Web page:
In the midst of the spill crisis, Dudley took over BP from Tony Hayward, a geologist who had spent his entire career at BP. At the time, many underestimated the humble Dudley, who said then that “I did not seek out this job.”
Yet Dudley has “turned out to be a more commanding figure than a lot of people initially thought,” West said. “The entire organization was really in bad shape. Utterly traumatized. Bob got them to take a deep breath and start moving forward.”
At one point during the spill, Dudley wondered whether BP would survive. The value of BP’s bonds crashed as investors scrambled to sell. The company dropped its stock dividend to zero, sending shock waves through Britain, where BP accounted for 1 of every 6 pounds in dividends paid to pension and other retirement funds.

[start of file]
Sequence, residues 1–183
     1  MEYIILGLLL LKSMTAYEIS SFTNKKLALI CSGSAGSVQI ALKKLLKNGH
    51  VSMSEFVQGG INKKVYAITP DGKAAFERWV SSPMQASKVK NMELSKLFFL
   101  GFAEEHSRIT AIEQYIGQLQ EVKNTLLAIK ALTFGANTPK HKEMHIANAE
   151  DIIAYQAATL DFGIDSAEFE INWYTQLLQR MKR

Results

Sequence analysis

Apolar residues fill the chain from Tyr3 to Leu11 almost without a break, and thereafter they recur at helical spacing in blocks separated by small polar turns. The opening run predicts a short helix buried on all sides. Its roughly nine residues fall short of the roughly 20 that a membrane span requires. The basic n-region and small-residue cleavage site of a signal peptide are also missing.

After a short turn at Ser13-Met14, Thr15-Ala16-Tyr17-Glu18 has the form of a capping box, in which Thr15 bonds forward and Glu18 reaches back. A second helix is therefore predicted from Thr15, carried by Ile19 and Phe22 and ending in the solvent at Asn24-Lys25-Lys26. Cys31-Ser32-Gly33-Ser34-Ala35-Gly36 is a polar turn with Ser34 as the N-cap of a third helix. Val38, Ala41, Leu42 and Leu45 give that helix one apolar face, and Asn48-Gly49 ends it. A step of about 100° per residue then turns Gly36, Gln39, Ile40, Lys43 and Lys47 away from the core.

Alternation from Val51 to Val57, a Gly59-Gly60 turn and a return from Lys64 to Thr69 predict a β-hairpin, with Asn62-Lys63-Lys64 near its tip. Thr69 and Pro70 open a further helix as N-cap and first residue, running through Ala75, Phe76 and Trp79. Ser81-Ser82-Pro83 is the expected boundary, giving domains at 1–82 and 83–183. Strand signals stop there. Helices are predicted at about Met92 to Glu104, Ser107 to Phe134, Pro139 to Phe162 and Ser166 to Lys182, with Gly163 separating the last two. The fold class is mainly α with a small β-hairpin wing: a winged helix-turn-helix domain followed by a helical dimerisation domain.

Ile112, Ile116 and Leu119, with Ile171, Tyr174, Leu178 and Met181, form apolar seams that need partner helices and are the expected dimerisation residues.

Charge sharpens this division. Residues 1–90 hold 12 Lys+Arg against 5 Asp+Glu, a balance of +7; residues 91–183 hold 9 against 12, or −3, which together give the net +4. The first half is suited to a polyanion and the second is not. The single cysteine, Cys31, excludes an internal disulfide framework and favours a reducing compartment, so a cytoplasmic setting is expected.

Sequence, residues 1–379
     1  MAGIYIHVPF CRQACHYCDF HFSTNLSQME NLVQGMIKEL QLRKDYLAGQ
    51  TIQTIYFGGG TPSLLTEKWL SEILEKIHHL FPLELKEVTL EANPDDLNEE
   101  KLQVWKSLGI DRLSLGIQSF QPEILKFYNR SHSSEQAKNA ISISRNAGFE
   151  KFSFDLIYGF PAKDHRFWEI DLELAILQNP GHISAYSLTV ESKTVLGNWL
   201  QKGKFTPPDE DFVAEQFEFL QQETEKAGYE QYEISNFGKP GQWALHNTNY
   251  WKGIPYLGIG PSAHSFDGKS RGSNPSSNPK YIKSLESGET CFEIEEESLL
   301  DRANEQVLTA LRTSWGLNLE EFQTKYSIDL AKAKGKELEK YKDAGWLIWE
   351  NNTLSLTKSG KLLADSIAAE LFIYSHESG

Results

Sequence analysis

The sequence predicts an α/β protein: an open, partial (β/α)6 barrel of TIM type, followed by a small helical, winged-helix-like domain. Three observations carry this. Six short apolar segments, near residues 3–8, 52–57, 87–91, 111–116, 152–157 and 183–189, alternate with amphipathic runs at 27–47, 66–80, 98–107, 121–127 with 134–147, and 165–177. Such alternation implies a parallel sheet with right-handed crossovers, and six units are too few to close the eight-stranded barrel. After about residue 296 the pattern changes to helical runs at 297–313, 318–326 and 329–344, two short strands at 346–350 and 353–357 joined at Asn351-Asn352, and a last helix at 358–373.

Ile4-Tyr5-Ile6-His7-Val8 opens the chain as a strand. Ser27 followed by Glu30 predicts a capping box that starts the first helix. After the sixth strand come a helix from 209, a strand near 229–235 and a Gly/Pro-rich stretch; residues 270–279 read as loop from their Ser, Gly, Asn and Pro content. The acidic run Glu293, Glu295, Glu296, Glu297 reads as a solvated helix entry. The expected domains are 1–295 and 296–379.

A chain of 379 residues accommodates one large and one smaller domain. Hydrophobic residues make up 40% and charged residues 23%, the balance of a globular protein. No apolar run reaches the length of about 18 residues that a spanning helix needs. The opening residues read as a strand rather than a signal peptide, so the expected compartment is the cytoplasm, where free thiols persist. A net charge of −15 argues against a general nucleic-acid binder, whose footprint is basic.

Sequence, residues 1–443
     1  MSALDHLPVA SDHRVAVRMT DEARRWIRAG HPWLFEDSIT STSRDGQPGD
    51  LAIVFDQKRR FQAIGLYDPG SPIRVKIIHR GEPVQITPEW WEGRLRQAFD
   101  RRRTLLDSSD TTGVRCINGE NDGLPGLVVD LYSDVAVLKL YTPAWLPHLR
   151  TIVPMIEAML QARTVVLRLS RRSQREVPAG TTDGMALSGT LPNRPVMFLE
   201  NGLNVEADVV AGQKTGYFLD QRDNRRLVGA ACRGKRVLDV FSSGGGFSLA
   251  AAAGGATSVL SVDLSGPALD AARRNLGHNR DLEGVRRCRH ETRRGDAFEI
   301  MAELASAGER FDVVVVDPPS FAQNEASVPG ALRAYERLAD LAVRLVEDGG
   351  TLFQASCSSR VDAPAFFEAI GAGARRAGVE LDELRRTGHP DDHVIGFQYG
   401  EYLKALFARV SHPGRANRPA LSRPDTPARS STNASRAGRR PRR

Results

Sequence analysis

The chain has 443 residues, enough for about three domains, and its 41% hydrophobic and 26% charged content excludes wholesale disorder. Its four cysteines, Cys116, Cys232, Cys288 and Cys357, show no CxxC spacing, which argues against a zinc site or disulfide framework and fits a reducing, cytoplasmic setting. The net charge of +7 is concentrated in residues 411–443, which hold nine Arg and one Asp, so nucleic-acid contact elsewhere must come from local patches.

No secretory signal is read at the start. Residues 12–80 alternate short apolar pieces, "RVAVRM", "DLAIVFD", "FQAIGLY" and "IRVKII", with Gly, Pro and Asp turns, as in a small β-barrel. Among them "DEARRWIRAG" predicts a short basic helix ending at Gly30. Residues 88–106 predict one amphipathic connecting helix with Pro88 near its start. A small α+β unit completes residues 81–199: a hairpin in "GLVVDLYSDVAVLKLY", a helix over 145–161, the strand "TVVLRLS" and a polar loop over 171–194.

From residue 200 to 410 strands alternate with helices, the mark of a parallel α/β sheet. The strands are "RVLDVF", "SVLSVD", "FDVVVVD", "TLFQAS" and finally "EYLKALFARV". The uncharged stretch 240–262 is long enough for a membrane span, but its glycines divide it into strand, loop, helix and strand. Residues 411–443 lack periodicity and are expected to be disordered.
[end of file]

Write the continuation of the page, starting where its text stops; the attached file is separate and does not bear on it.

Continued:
In the United States, the Obama administration was under pressure to put the company out of business by blocking permits for offshore drilling or imposing even steeper fines. When Interior Secretary Ken Salazar, talking about the gulf cleanup, said the administration would “keep our boot on their neck until the job gets done,” it was typical rhetoric at the time.
But the company persevered. And over time, BP — which suffered a string of accidents including a major refinery explosion in Texas — overhauled its facilities and gave every employee the power to stop an operation if safety were at stake.
The government noticed. “I refused to impose the administrative deep-water death penalty on BP in 2010-2011, and I’ve never regretted that decision,” said Michael Bromwich, whom President Barack Obama tapped in June 2010 to be the top regulator of offshore drilling safety and now runs a consulting group. “BP was appropriately remorseful and dealt with us forthrightly and transparently. They fully cooperated with our investigation and with countless others.”